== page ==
Achieving carbon neutrality by the government requires engaging in a process that takes into account the considerations of those most affected by climate change. Canada's aboriginal peoples and northern communities, while demonstrating exceptional resilience, are particularly vulnerable because of factors such as remoteness, inaccessibility, cold climate, aging and inefficient infrastructure, and reliance on diesel fuel systems to generate electricity and heat homes. That is why the government has committed to advancing the right spaced approach reflective in section 35 of the Constitution Act of 1982 and the United Nations Declaration on the Rights of Indigenous Peoples.
The government is also committed to strengthening its collaboration with Canada's aboriginal peoples on climate change mitigation measures. This commitment builds on initiatives already in place. For example, the government is funding and collaborating with first nations, Métis and Inuit on projects to monitor climate change and indigenous communities, build resilient infrastructure, prepare and implement strategic climate change adaption plans and develop green energy options that reduce reliance on diesel.
The plan to achieve carbon neutrality by 2050 should also make the Canadian economy more resilient, inclusive and competitive. With the goal of creating a stronger, more resilient Canada in the wake of the current pandemic, climate action will be a cornerstone of our plan to sustain and create one million jobs across the country.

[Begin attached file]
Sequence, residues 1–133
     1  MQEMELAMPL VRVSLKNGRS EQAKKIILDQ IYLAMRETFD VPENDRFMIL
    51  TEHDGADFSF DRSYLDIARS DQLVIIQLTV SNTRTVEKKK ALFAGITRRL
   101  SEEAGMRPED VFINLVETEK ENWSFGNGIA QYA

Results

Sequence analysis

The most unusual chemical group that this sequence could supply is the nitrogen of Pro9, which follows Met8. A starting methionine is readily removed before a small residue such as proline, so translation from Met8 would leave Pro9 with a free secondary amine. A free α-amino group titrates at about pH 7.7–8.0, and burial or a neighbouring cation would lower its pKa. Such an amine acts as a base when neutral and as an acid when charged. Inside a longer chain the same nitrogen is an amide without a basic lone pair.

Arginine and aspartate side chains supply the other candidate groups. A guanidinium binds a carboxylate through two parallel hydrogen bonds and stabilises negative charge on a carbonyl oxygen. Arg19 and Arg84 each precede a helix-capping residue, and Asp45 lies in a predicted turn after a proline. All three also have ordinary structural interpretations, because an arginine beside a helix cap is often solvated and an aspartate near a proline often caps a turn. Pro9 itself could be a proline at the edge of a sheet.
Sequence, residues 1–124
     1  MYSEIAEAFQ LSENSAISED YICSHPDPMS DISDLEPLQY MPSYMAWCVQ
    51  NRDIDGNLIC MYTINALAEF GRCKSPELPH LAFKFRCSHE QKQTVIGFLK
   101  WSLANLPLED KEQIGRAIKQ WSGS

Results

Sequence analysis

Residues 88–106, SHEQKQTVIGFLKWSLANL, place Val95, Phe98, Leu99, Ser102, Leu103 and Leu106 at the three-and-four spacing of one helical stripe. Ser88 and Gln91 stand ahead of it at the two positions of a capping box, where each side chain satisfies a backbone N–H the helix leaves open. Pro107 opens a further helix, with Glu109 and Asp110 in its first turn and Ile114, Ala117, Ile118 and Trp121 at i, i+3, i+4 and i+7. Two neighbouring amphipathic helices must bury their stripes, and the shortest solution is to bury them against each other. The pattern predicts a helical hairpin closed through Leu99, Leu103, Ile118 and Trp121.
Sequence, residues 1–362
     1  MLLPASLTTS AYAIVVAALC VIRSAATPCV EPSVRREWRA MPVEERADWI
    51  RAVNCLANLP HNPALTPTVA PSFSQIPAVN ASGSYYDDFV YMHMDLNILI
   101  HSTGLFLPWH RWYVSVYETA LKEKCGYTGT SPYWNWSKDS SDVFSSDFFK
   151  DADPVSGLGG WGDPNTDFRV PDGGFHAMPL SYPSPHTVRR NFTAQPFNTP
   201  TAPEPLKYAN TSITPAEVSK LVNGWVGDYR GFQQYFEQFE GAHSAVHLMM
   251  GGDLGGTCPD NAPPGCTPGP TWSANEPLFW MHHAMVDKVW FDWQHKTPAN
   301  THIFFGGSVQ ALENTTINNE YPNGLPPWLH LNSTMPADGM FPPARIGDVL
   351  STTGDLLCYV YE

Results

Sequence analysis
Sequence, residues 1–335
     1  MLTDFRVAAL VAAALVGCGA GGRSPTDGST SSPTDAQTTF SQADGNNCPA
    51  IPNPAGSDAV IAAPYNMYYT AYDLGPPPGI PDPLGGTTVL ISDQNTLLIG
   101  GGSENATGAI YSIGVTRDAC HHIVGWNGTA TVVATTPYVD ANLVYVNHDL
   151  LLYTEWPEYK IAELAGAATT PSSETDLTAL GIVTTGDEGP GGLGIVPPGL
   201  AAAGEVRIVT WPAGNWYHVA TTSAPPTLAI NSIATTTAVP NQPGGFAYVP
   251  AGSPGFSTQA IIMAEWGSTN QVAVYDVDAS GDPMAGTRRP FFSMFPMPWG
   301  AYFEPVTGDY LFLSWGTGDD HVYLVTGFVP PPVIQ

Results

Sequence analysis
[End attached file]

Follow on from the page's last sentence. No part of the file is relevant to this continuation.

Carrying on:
Despite the global issue of the COVID-19 pandemic, climate change continues to progress. It remains important to recognize that climate change is a global issue that requires immediate action by all governments in Canada, as well as by industry, non-governmental organizations and individual Canadians. However, the government recognizes the important collective and individual actions that have already been taken and wants to sustain the momentum to mitigate climate change.
For example, the federal government and Alberta have launched a Canadian Emissions Reduction Innovation Network to support innovation that would enable the oil and gas industry to meet emissions regulations in a cost-effective manner by funding technology testing infrastructure at key facilities in Alberta and across the country to accelerate the commercialization of these technologies. This type of action demonstrates that it is possible to collectively contribute to climate change mitigation while respecting provincial autonomy, as the act intended to do.
In addition, last year the Minister of Innovation, Science and Industry, the Minister of Natural Resources and the Minister of Environment and Climate Change jointly announced a $100-million investment in Clean Resource Innovation Network to support research and development projects that promote environmental and economic performance in the oil and gas sector.
Government-wide collaboration on climate change mitigation is critical, which is why the Canadian net-zero emissions accountability act provides for consultations with federal ministers who have responsibilities for action that can be taken to achieve our greenhouse gas emissions targets.
The Canadian net-zero emissions accountability act will contribute to further action on climate change mitigation by requiring the establishment of national greenhouse gas emission reduction targets based on the best available science and by promoting transparency and accountability in meeting those targets. In doing so, the bill will support Canada's achievement of carbon neutrality by 2015 and Canada's international commitments to mitigate climate change.